Every abdominoplasty patient has one thing in common – excess abdominal skin. This is where the similarities end. Most abdominoplasty patients also have abdominal muscle laxity resulting in a bulge in the abdomen. Many abdominoplasty patients have excess abdominal subcutaneous fat as well. These are the three issues that need to be addressed if one is to rejuvenate the abdomen. As these factors vary from patient to patient, there needs to be choices in procedure that best fit each particular patient.
The abdomen extends from the lower border of the chest to the waist crease. In the center, more or less, is the umbilicus “belly button). The belly button is biologically a scar that forms when the umbilical cord is cut at birth, but it is also an aesthetic anatomical landmark. Other aesthetic structures of importance include the vertical paired muscles in the central abdomen called the rectus abdominis, as well as the more laterally placed oblique muscles. The abdomen is divided into the upper and lower portions, with the umbilicus in the center of the two.
Any aesthetic surgical procedure designed to improve body contour by removing excess skin must by definition result in a scar. The length of this scar depends upon how much skin is to be removed. In aesthetic rejuvenation of the abdomen, like with all aesthetic surgery, the goal is to hide the scars wherever possible. As excess abdominal skin is pulled downward and excised, the scar will lie along the waist crease. The exact level that you place this scar will result in whether or not this scar is visible while the patient is in a two-piece bathing suit. Therefore, it is better to make this scar as low as possible.
The following will be addressed in greater detail in the description of the individual abdominoplasty procedures. If there is excess skin in the lower abdomen only, then no scar will need to be made around the umbilicus. If there is excess skin in the upper abdomen, then a scar will need to be made around the umbilicus. While ideally I would prefer not to make this incision around the umbilicus, which is usually visible to some extent, when it is required I have no choice.
If there is abdominal muscle laxity, this must be addressed as well. If there is laxity only in the lower abdomen, then from the perspective of tightening the muscles alone, one does not need to go above the umbilicus. If the entire abdominal wall is lax, then the surgeon does need to go above the umbilicus to address the entirety of the muscle laxity.
When there is excess subcutaneous fat, but only within the portion of the skin to be excised, then there is no need for liposuction. However, if there is excess fat underneath the abdominal skin that will remain after excision, then this fat is best removed by liposuction.
All the above assessments need to be made to determine the best surgical approach. This is where surgeon experience and judgment is so important.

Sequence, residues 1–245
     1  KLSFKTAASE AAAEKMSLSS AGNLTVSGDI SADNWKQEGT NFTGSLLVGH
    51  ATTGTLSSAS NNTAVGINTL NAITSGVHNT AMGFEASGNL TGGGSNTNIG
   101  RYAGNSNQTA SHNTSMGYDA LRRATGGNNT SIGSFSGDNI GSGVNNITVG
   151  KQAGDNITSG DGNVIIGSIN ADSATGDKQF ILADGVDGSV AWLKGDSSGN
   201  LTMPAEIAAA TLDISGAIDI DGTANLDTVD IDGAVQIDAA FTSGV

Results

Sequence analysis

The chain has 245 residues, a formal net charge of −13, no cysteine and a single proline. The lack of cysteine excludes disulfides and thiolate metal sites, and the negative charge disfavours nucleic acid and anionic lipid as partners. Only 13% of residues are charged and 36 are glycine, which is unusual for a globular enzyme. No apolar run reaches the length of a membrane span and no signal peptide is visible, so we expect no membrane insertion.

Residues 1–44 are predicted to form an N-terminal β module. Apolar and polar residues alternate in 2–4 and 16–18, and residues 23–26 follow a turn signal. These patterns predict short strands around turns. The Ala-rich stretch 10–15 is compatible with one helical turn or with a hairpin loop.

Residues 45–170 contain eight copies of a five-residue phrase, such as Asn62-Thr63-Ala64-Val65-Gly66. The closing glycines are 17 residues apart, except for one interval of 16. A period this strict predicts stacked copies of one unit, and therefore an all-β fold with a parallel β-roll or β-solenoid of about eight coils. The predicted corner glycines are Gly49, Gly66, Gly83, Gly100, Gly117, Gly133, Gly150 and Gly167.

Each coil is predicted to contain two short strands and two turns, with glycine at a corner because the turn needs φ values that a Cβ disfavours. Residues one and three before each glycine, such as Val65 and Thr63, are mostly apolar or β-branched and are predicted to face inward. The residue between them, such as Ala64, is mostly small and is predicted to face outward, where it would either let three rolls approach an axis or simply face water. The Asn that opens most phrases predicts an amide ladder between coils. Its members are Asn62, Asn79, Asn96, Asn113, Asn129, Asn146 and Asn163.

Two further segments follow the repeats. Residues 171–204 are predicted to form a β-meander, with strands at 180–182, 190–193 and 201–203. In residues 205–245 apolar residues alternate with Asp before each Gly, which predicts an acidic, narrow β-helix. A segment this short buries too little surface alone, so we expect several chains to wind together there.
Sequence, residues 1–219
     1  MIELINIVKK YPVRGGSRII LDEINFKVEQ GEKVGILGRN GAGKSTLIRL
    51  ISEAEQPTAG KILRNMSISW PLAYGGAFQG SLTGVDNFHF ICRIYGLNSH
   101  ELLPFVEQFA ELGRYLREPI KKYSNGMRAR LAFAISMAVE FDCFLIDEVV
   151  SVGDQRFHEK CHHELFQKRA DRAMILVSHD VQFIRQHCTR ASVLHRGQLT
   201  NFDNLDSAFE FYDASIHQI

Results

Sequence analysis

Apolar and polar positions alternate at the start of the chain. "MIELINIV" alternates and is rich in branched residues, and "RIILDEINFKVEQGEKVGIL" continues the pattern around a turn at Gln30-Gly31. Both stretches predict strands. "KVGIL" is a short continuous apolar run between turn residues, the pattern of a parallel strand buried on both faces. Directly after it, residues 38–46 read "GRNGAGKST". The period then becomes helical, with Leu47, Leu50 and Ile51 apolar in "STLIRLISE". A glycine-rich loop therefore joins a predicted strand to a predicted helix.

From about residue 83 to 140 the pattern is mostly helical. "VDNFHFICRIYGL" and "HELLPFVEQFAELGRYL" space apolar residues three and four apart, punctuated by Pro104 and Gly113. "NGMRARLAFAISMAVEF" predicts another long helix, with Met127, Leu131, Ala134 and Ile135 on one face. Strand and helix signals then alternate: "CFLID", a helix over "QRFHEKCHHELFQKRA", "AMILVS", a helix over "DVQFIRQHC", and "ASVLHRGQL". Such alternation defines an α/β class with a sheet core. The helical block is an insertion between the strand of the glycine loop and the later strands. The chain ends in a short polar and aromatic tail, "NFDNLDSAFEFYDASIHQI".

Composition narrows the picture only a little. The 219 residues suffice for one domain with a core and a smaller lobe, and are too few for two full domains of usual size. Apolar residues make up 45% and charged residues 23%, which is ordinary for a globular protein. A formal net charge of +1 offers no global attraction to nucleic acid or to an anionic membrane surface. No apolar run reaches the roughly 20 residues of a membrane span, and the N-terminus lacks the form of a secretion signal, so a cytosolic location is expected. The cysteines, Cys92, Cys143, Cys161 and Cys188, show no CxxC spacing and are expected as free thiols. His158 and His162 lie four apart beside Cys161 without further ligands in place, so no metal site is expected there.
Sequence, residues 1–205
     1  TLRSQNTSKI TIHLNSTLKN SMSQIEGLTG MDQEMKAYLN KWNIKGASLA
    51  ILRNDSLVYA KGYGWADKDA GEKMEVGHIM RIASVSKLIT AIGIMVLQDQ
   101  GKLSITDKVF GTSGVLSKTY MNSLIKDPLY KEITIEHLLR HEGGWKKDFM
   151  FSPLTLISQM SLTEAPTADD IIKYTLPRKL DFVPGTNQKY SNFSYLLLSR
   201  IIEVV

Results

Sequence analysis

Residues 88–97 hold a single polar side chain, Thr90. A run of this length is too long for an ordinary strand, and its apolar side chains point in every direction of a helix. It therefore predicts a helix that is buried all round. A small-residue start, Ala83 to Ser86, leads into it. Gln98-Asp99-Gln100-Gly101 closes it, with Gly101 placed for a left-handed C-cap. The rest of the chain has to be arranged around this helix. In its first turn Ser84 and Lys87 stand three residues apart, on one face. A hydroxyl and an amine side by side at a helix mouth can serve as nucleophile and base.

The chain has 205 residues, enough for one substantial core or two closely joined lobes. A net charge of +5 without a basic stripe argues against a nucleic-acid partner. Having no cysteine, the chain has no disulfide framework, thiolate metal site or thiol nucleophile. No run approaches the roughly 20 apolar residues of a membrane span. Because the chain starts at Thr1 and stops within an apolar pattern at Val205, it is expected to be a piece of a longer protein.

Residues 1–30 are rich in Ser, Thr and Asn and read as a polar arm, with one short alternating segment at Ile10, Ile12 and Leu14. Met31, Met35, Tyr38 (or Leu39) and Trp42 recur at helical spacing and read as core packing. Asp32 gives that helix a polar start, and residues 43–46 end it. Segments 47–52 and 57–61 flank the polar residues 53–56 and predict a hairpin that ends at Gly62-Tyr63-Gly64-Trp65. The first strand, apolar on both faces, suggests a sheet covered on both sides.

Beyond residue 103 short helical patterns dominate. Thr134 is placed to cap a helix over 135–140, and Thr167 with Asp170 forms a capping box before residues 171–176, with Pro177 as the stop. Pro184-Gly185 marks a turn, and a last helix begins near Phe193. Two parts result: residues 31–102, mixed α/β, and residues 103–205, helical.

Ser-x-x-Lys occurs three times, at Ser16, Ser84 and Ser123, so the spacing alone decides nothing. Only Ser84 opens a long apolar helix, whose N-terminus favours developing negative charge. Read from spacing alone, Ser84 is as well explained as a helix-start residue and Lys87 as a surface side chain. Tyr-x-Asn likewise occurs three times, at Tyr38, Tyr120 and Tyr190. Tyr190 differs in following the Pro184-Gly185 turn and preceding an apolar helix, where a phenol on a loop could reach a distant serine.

Before discussing contouring of the sides of the trunk, the flanks and even the back, at this time it is necessary to discuss the different types of abdominoplasty…yes, there are several different types of abdominoplasty; it is not a “one size fits all” cookie cutter procedure. There are basically five main types of abdominoplasty in terms of the way the anatomical areas are addressed and re-contoured. Each type of abdominoplasty can be performed using different technical variations as per the surgeons preference. Liposuction, when indicated, can be performed simultaneously with any of the below procedures for even greater results.
The five types of abdominoplasty are:
- Standard abdominoplasty with umbilical re-positioning
- Standard Abdominoplasty with a “floated umbilicus”
- Extended abdominoplasty
- Circumferential abdominoplasty (“Belt lipectomy”)
All five types of abdominoplasty have one thing in common: the incision is planned so that the scar lies in the waist crease. Note that I didn’t state that the incision is made in the waist crease. I often make the incision lower than the waist crease because I know that the scar will be pulled upward by the force of the upper abdominal skin at the time of closure and I do not want the scar to lie above the waist crease or the scar will risk lying above the waistband of the patients clothing or bathing suit. I usually have the patient wear a bathing suit bottom or underwear bottoms at the time I mark the incisions so I know just how the clothing sits on the body and I can plan my surgical incisions so as to make sure the scar does not lie above the clothing line.
Next Section: Standard Abdominoplasty With “Umbilical Re-Positioning” »
Sections - Abdominoplasty Types
- Why Do We Need Different Types Of Abdominoplasty?
- Standard Abdominoplasty With “Umbilical Re-Positioning”
- Standard Abdominoplasty with a “Floated Umbilicus”
- Extended Abdominoplasty
- Circumferential Abdominoplasty “Belt-lipectomy”
- Flowchart – How to Select an Abdominoplasty Procedure
Prev Chapter: How is an Abdominoplasty Performed? »
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